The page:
We never know what our unique family histories may reveal, and MyHeritage member Kathleen Whitfield, 60, of the UK, is no exception.
Her childhood was spent in the UK with her parents and older brother, who lived some 250 miles from any blood relatives. Neither of the siblings ever met their father’s family or had any living grandparents they knew about.
Although they occasionally visited their mother’s sister and family in Lancashire and another sister in London, the only details they were told about their father’s family was that his Irish father was an opera singer, their father was born in London, that he had siblings, but he had lost contact with his family. Kathleen was told she was named for her father’s mother. Further, she discovered that her paternal grandmother was really Kate Constance, not Kathleen!
Kathleen got “into” family history because her husband’s niece conducted fascinating research into his family.
I watched “Who Do You Think You Are” on television and decided to try to research my family as I knew so little and my parents were dead. I aimed to finish within two years, in time for my brother’s 60th birthday to surprise him. With some pointers from our niece, my search began via the Internet and the 1901 census.
During my research, I have unraveled the secret past of my father and his father. My mother had a dark family secret herself. I am sure I have found far more about both their lives and our heritage than they ever could have imagined possible.
Although Kathleen was not aware of MyHeritage until very recently, she is looking forward to uploading her Gedcom and following up on her Smart Matches.
Her wider circle of maternal cousins are very interested to learn what she has found.
My brother, who was amazed with the findings of his birthday surprise, has funded my worldwide research since then, which has led to many more amazing revelations and connections with my father’s family.
Kathleen has 463 people in her tree, which includes successive generations and siblings from her maternal and paternal lines from 1780-1950s, but not the living generations. She’s discovered new relatives in Somerset, Yorkshire, Scotland, Australia and the US, all of whom were unknown; she’s met some of them, and phoned and emailed others as they share photos and information.
Among her “finds,” Kathleen writes, she discovered that she and her brother had three half-brothers and half-sister. They met the son (of one of the half-brothers) and his family. Sadly, she learned that this half brother had been abandoned at age 4 by her father and his first wife. Two children of this first marriage had died young, one at age 6 (diphtheria), and the other in WWII. A Halifax bomber rear-gunner, he is buried in Leeming, Yorkshire in a Commonwealth War Grave.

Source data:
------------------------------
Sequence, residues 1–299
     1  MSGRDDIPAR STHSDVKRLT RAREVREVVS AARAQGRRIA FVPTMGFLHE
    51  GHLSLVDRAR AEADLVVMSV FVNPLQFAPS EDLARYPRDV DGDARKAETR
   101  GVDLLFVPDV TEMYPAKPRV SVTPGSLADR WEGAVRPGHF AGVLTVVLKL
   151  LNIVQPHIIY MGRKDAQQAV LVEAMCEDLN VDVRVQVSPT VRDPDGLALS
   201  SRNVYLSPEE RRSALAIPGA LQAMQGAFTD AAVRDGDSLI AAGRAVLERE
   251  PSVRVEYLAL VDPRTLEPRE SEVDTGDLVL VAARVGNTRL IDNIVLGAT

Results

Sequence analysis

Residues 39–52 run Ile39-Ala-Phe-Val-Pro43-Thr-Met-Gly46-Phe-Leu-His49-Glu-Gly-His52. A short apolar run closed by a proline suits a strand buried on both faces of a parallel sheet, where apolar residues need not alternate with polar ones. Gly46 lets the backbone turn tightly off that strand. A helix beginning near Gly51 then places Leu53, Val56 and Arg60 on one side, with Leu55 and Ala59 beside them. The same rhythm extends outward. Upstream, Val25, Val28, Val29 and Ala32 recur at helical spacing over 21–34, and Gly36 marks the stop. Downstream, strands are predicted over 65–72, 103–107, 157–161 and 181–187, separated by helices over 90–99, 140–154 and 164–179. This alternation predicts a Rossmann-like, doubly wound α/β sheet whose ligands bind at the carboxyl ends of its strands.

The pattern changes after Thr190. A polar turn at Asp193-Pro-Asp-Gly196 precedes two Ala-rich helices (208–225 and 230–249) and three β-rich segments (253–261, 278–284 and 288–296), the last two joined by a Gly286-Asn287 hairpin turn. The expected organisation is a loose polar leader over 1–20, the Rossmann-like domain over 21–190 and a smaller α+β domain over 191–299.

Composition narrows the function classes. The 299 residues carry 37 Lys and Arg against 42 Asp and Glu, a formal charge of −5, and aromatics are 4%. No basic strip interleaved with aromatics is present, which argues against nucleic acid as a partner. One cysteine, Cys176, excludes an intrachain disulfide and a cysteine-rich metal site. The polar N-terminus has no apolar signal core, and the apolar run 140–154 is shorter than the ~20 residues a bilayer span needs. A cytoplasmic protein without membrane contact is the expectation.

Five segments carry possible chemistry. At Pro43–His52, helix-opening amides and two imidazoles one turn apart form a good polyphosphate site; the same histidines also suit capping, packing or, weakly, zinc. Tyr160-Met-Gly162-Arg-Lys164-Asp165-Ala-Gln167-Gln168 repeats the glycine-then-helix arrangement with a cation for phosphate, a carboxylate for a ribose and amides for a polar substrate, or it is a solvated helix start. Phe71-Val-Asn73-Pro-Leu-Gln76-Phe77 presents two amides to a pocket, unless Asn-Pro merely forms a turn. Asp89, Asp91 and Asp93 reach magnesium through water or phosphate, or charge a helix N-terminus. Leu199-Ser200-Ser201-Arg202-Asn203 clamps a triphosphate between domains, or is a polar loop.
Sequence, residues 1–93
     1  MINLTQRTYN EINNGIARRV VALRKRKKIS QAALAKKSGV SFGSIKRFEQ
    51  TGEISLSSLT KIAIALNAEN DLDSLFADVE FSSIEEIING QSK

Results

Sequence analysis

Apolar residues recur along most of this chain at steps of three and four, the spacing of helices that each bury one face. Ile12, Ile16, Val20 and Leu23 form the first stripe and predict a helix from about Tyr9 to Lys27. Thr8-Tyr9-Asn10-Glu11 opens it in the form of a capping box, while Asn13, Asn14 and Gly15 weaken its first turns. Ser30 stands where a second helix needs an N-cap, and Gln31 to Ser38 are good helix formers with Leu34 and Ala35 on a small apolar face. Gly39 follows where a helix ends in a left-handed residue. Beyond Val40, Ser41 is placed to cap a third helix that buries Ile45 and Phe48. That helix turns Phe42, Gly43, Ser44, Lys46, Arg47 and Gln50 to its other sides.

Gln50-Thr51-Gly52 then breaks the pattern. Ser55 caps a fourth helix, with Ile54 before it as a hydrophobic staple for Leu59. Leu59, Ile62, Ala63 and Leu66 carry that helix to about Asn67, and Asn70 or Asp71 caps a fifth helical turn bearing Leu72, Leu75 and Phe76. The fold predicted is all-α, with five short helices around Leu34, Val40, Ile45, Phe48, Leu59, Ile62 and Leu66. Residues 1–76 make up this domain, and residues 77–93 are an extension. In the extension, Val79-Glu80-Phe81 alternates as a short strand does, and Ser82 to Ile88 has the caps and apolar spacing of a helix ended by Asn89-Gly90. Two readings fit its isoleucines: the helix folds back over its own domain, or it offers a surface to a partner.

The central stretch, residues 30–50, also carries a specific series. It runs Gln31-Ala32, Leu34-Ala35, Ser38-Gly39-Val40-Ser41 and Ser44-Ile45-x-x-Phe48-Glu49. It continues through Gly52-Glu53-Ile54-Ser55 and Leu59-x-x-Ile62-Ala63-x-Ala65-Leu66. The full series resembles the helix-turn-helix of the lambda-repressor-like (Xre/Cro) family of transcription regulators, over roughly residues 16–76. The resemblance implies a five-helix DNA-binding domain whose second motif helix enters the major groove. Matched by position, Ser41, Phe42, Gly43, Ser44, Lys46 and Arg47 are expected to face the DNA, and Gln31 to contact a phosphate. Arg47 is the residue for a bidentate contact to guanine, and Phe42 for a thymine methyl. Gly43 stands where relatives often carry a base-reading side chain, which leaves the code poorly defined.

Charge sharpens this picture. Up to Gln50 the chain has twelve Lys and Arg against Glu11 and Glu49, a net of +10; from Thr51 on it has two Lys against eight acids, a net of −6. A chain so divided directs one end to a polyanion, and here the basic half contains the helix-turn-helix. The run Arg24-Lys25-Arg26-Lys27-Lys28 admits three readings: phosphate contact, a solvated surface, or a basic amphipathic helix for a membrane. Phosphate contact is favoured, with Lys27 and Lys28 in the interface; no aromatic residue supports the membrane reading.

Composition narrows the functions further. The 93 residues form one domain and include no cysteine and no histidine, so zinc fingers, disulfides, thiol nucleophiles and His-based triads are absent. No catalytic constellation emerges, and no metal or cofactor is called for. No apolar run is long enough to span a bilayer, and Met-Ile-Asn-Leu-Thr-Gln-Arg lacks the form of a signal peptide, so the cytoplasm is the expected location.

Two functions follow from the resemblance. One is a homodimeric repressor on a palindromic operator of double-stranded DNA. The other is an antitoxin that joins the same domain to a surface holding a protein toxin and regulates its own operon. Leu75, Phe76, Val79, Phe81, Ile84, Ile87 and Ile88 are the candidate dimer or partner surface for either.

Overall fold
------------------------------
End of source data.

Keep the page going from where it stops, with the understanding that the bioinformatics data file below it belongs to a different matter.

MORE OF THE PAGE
I have yet to trace the youngest half-brother whom I discovered emigrated to Canada in the 1960s with his wife and child.
During her research, she discovered that her father’s first wife was in fact one of her mother’s older sisters (an aunt Kathleen never knew existed), so their children were also her first cousins!
Last year, a new match revealed the aunt had secretly gone on to have another child in Scotland and she also abandoned him shortly after birth.
Kathleen has spoken on the phone to the wife of that “secret child” in Scotland:
The wife was intrigued to find our father’s name listed as “husband” of our aunt (which our father was, of course) on her husband’s birth certificate. Complex or what?
And what about that Irish grandfather? Well, he was really a famous American baritone opera singer, Signor Guglielmo Verdi, known also as “Baltimore Bill.” He was not born in Ireland. Kathleen discovered he traveled the world with many well-known opera companies and sang in Italy, South Africa, Ceylon, Australia and New Zealand in the 1880s. Ironically the singer’s grandfather was from Ireland, born there in 1774 before emigrating to the USA.
Newspapers are a great resource for family history researchers, and Kathleen found this story:
He was bit of a rogue, by all accounts. He had two or possibly three wives, the last being our grandmother. He was the eldest of eight children born in Baltimore, Maryland USA and appears to have been left by his first wife and child, who returned to America from Australia (where the child had been born) and where “Verdi” was singing. Granddad then lived a nomadic life, pursuing his operatic career around the world, eventually retiring and becoming a singing teacher and starting a second family with our grandmother in London (unknown, I believe, to his first family). His opera career is well-documented in books, newspaper articles and court cases published in Australia in the 1880s, which I found online. I eventually discovered, after five years of searching, he had registered the births of my father and his five other children born in London, under his professional surname which his wife, my grandmother, was known by until his death.
Kathleen offers four important tips to beginning researchers:
- Keep an open mind and be prepared to find things that contradict what you may have been told.
- Don’t judge your ancestors too harshly. Times were very different, and they must have had reasons for living the life they did.
- Find the documents and certificates that prove the facts, then search the historical background at the time, to place your ancestors in context.
- Enjoy the journey with all the twists. Embrace your heritage whatever it turns out to be.
Thank you, Kathleen, for sharing your story with us.
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